As the election season is on us in India, there have been some disturbing developments going on in the country, chiefly led by the Bharatiya Janata Party (BJP), the party in power currently. More or less confident that they will return to power, the party is preparing for a second round – and trying to gain control over resources that were somehow not completely taken over already during the last five years. The revision of the colonial-era Indian Forest Act 1927, with more draconian amendments, is one such step, with the goal being to gain control over Indian forests.
If the BJP comes to power again, the bill may get passed in India’s parliament. That a majority of the Indian population cares so little about indigenous peoples and the forests that this is not an issue the BJP would be dealing with during election season is another concern, but let’s see what the bill’s passage would mean for India.
In practice, the Forest Department of India, which enjoyed great deal of impunity under Indian Forest Act 1927, systematically refuses to accept the Forest Rights Act (FRA) 2006 in practice even 13 years after it was introduced. That notwithstanding, at least the indigenous people and forest dwellers had a chance at legal recourse. The current government, with the proposed bill, will make the lives of indigenous people worse than under Indian Forest Act 1927, which, to start with, was introduced by the British in colonial times to exploit Indian forests for their resources, which were useful in running the vast empire and its wars.
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First of all, it will be a moral battle for the government to explain why it is trying to overhaul an extremely regressive law, which should have been repealed anyway. A Delhi high court lawyer who requested anonymity noted that “while it is perfectly legitimate to bring notifications to an existing law, you cannot bring revisions to the older law on the same subject.” So, even the legality of it seems to be in question.
While the Indian Forest Act 1927 made British rulers and later the Indian government the owner of the forest lands, the BJP has now introduced extremely punitive actions against the real owners, i.e., the indigenous people. The government officials and even armed forces have protection of the government to take action – even an armed response – against indigenous peoples and other forest dwellers. The officials are safe from prosecution: the similarity of this clause with Armed Forces Special Protection Act (AFSPA) is uncanny. The AFSPA is a law enforced in undeclared conflict zones in India, giving power to the armed forces to investigate and kill without the fear of prosecution.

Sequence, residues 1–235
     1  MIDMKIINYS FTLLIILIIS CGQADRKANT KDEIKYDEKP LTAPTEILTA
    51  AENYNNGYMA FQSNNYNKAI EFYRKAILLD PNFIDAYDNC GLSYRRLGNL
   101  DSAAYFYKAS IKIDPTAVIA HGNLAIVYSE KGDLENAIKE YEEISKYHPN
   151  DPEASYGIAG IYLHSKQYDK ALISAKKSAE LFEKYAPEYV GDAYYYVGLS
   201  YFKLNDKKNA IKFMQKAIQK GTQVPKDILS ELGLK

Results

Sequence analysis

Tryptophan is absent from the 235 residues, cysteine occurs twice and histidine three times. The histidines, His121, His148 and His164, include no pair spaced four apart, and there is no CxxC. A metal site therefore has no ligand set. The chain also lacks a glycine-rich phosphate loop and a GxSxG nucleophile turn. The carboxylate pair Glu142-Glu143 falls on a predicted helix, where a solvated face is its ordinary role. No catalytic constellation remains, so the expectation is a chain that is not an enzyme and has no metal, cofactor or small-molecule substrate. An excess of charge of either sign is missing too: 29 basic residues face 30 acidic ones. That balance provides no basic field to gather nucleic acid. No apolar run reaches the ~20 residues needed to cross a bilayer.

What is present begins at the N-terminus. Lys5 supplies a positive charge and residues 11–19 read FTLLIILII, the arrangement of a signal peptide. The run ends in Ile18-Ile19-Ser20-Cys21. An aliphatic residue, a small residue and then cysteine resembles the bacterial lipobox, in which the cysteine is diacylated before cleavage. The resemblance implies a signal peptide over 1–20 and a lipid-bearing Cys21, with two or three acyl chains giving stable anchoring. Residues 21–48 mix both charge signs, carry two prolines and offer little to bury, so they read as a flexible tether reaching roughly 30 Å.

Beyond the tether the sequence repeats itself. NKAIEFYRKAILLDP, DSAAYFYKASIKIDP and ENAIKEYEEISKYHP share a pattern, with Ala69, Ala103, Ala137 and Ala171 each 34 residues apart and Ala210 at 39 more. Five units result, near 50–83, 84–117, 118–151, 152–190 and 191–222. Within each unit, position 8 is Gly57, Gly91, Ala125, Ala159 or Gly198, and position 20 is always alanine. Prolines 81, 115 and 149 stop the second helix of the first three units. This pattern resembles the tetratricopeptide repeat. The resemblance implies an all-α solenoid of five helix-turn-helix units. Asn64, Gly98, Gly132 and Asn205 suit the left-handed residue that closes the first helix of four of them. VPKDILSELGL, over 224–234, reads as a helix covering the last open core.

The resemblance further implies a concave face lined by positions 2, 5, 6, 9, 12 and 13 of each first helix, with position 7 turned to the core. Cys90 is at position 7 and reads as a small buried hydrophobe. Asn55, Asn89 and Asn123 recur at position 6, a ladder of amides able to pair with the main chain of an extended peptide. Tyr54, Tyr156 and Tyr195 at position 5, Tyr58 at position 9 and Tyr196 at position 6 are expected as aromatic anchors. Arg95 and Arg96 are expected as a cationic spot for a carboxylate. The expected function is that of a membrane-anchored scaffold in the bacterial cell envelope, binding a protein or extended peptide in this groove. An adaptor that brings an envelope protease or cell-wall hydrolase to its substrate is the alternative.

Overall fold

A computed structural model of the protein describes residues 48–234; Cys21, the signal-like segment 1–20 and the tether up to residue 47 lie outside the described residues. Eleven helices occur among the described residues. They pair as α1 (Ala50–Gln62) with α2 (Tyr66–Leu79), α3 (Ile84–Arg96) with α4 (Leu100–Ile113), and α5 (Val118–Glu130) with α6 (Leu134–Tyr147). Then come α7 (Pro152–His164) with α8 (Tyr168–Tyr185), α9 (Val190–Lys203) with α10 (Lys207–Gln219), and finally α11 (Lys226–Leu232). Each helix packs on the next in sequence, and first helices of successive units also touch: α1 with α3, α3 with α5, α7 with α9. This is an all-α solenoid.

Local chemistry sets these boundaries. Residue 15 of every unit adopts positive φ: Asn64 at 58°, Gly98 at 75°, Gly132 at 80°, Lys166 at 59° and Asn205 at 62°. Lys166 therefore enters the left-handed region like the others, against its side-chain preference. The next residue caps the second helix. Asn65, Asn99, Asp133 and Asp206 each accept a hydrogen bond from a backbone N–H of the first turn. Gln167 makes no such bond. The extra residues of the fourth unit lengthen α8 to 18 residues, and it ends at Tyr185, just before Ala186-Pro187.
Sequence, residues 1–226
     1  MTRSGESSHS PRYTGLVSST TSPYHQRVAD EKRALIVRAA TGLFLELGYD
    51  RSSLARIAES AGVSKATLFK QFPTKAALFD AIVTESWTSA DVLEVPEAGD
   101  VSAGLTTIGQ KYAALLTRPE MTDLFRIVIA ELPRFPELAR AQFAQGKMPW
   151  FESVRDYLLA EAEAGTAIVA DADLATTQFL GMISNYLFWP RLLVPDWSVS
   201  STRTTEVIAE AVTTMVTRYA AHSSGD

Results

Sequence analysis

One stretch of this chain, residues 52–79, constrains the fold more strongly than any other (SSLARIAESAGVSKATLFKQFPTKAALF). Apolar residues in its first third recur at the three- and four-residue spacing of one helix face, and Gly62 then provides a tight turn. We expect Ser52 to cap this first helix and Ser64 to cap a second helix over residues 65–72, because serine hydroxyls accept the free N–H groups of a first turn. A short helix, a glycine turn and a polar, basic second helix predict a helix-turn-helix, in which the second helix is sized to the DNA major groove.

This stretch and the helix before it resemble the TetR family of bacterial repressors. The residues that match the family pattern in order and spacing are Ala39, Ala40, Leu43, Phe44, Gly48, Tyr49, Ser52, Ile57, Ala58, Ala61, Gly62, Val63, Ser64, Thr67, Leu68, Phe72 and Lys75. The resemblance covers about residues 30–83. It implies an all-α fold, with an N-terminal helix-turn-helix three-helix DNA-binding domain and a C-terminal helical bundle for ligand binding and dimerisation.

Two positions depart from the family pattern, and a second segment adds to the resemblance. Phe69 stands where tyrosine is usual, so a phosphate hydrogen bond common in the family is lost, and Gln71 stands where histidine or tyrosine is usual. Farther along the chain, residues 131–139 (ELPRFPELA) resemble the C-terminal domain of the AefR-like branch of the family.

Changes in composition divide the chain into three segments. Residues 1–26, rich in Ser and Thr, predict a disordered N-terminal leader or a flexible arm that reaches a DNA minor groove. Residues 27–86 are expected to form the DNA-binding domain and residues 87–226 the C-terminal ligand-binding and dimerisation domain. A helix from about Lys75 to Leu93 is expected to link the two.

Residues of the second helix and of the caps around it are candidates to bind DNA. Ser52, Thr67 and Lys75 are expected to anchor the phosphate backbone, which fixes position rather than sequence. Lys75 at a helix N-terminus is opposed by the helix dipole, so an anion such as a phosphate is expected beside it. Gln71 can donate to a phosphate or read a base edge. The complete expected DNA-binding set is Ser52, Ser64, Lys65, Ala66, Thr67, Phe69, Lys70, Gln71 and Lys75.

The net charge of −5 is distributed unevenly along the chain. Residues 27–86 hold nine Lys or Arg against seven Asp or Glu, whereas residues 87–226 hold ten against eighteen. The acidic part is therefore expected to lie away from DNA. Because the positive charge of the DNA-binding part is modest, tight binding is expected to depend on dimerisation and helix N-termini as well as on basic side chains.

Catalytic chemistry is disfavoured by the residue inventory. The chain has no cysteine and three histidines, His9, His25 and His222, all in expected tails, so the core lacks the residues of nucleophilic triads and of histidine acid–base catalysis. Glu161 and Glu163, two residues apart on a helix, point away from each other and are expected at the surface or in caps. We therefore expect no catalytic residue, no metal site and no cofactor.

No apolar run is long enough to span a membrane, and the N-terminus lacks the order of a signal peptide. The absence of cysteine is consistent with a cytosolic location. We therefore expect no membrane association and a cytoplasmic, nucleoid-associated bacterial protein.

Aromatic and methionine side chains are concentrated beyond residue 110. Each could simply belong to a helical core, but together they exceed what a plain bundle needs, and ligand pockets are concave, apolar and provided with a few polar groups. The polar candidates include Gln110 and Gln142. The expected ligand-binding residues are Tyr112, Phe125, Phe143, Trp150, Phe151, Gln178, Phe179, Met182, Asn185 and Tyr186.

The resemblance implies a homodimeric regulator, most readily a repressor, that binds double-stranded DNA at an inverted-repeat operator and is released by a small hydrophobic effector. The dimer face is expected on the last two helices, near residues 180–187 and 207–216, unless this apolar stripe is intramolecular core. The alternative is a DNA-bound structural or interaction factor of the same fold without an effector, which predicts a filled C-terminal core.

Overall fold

In the proposed bill, the onus to prove innocence has been shifted to the accused. The crimes associated with forests and indigenous peoples could be an easy guess – for example, resisting the takeover of forest land for mining and other such purposes. Even entire villages could be held guilty and punished if the government feels they are not cooperating. The role of gram sabhas – village committees – which had the decision making power under FRA, has been dissolved entirely. The final right of call lies with the Forest Department. Basically, the indigenous people are going to be completely at the mercy of the government, without any real rights or agency. Given the conditions that are being constructed, it seems inevitable that they will be compelled to leave their forests and become a part of the large cheap labor pool – forced to live a life without basic sustenance, security, or dignity at the margins of big cities.
Even more astounding is the fact that the central government can rule over the state governments if they do not agree how their forests should be used – clearly not in the spirit of the federal structure of India. The central government, ideally, should not be interfering in how the states deal with their resources.
In all this drama, the Congress party – chief opposition party and the one that passed the FRA in 2006 under United Progressive Alliance (UPA) coalition – has been a party to draft meetings and a quiet spectator. Rahul Gandhi, the leader of the party and their prime ministerial candidate apparent, hasn’t broached the topic in any of his election canvass meetings yet. Clearly, the nation doesn’t care.
Just a few weeks ago, the government released 170,000 hectares of pristine forest land in Chhattisgarh – a central Indian state – for a private coal project of Adani group, one of the biggest corporations in India. Consider that the Adani group has been severely criticized for a proposed coal mine in Queensland, Australia, and the project hasn’t been able to take off. It is astonishing that India takes no consideration of environmental concerns and gives away pristine forest land to such a company. With the proposed bill, not even an inch of forest in India is safe.
Forest rights activists in India think that this struggle against the proposed bill will bring the minorities together, i.e., the indigenous people and other forest dwellers, who are usually Dalits. While that is still to be seen, sharing natural resources where the forest dwellers already didn’t have many rights over the land has only strained their relationship in the past. The chances of tensions getting worse are much higher, given the historicity of the problem.
Currently, despite the FRA explicitly giving them rights over forest produce, the indigenous peoples face problems with the Forest Department officials on a regular basis, but with the proposed bill, they stand to lose the land – and their lives. Activists are expecting a long drawn blood bath in Indian forests.